A team led by Dr. Alexander Hoischen from Radboud University Medical Center (RUMC) in the Netherlands reported the results of a successful validation study comparing the performance of Bionano Genomics’ Saphyr® system to traditional cytogenetic methods for the clinical analysis of leukemia genomes. The study, published in bioRxiv, found that Saphyr was 100% concordant with the standard of care for the detection of somatic chromosomal abnormalities.
Structural variants are important for cancer diagnosis, prognosis, and treatment decisions. In a diagnostic set-up, especially for hematological malignancies, the comprehensive analysis of all cytogenetic aberrations requires a combination of techniques, such as karyotyping, fluorescence in situ hybridization and CNV-microarrays. The study set out to test if optical genome mapping (OGM) by the Saphyr system could replace these expensive, labor-intensive and time-consuming combination of methods with a single, automated and streamlined workflow.
A total of 48 patient samples with a combination of myeloid and lymphoid leukemias, representative of the most common referrals to the RUMC clinic, were analyzed using standard cytogenetic analysis. All samples had an allele fraction of the pathogenic variants of at least 10%. 37 samples were considered simple and 11 samples were categorized as complex, based on the number of large structural abnormalities. When all 48 samples were subsequently analyzed with Bionano, the team was able to identify all previously reported aberrations. Bionano allowed for a better resolution and a more complete picture of complex aberrations. Acomplex chromothripsis structure was resolved unambiguously and in other cases, additional fusions were identified, or marker chromosomes of unknown origin were resolved. Generally, OGM results were more complete than all three individual previous tests and most likely delivered the true underlying genomic architecture.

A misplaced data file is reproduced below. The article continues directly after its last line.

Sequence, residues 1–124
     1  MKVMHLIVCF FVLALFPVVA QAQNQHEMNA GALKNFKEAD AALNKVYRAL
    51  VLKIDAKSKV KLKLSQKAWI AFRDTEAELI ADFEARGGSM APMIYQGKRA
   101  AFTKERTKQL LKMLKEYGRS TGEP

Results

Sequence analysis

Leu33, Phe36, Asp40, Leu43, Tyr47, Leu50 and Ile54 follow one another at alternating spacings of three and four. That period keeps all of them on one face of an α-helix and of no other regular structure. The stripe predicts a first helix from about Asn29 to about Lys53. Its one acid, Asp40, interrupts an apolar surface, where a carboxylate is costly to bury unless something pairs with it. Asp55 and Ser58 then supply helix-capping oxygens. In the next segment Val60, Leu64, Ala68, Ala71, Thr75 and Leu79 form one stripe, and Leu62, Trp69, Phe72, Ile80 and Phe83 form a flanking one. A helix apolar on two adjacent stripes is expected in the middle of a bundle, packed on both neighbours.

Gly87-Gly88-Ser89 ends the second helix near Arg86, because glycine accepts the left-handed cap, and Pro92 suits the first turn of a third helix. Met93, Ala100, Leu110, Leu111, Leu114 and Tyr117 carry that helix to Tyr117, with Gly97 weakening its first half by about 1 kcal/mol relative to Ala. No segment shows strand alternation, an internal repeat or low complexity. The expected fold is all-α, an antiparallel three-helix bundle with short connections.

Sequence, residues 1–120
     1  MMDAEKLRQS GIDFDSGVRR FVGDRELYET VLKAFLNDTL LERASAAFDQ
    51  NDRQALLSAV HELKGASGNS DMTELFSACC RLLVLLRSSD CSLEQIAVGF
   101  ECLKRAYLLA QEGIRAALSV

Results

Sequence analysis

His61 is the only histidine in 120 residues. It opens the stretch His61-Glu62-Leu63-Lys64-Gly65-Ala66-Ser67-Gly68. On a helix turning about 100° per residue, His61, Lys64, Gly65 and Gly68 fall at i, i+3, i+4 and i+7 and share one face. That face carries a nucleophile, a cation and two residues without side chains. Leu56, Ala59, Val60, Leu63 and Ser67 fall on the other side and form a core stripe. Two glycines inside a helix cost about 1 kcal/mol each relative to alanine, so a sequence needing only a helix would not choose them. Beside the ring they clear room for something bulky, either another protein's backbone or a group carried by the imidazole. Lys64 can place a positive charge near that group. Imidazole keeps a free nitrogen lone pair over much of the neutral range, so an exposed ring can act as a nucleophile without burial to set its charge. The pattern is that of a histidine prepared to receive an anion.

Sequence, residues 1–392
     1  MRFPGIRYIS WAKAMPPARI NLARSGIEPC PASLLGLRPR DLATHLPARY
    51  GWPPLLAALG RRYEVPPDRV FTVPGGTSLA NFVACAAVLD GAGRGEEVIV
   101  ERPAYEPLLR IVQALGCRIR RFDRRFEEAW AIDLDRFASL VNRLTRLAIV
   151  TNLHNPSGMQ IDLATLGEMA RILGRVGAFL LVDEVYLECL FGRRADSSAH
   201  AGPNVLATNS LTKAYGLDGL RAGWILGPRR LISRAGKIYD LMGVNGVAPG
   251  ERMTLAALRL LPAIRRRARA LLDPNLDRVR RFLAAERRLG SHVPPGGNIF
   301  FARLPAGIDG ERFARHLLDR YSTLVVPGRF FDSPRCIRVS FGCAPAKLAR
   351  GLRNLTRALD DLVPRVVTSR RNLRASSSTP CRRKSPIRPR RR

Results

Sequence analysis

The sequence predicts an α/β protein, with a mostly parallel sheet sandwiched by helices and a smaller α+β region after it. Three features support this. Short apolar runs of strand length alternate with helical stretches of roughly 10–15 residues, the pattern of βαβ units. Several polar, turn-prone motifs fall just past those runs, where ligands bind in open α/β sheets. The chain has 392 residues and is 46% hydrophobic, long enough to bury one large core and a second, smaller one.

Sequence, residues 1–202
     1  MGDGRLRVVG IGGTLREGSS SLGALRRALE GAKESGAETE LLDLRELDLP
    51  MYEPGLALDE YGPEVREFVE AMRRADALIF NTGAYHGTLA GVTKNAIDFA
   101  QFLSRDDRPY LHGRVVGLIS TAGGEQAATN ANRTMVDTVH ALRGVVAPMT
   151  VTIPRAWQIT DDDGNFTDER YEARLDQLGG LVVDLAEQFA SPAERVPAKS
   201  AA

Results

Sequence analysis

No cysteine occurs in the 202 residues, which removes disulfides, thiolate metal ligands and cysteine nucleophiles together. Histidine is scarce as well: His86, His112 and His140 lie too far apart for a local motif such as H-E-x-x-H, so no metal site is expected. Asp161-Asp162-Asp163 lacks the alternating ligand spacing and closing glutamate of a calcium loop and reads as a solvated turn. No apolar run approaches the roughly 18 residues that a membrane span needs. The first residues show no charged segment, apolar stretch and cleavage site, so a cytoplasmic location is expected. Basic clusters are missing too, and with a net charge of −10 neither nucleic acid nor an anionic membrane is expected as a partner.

The Radboud team pointed out that while the focus of the study was on determining the concordance for diagnostically reported variants, the Bionano technology also found novel variants. They identified 23 potential gene fusions of which only 4 were previously observed. Gene fusions are important prognostic markers in cancer and are routinely targeted for drug development. The Bionano study provided an impressive number of such potential biomarkers.
Alexander Hoischen, Ph.D., Associate Professor, Genomic Technologies and Immuno-Genomics at the Department of Human Genetics of RUMC, commented: “We are positively surprised by the smooth and fast implementation of the Saphyr system in our laboratory. Less than a year after training we now have successfully run more than 150 samples, including the 48 leukemia samples which we now present in this publication. Other samples include novel research findings for unsolved rare disease cases and known cytogenetic abnormalities which may validate the Saphyr system’s use for constitutional aberrations. We are excited about the very high concordance rate between Bionano technology and current standard of care methods and believe that this technology has the potential to revolutionize cytogenetics in the near future.”
Erik Holmlin, Ph.D., CEO of Bionano, commented, “At Bionano, our objective has been to develop the best genome analysis platform to identify structural variation, and it has long been a focus of ours to apply that capability for clinical diagnostics. We have focused on leukemias and lymphomas because the current standard of care consists of a complex combination of various outdated methods, and diagnostic labs, clinicians and patients would be better off if that was transformed. Many attempts have been made to replace cytogenetics using various flavors of short-read and long-read sequencing, and all have failed. This study helps confirm that our Saphyr platform is capable of revolutionizing cytogenetic testing and is the first of many such studies that we believe will demonstrate this utility.”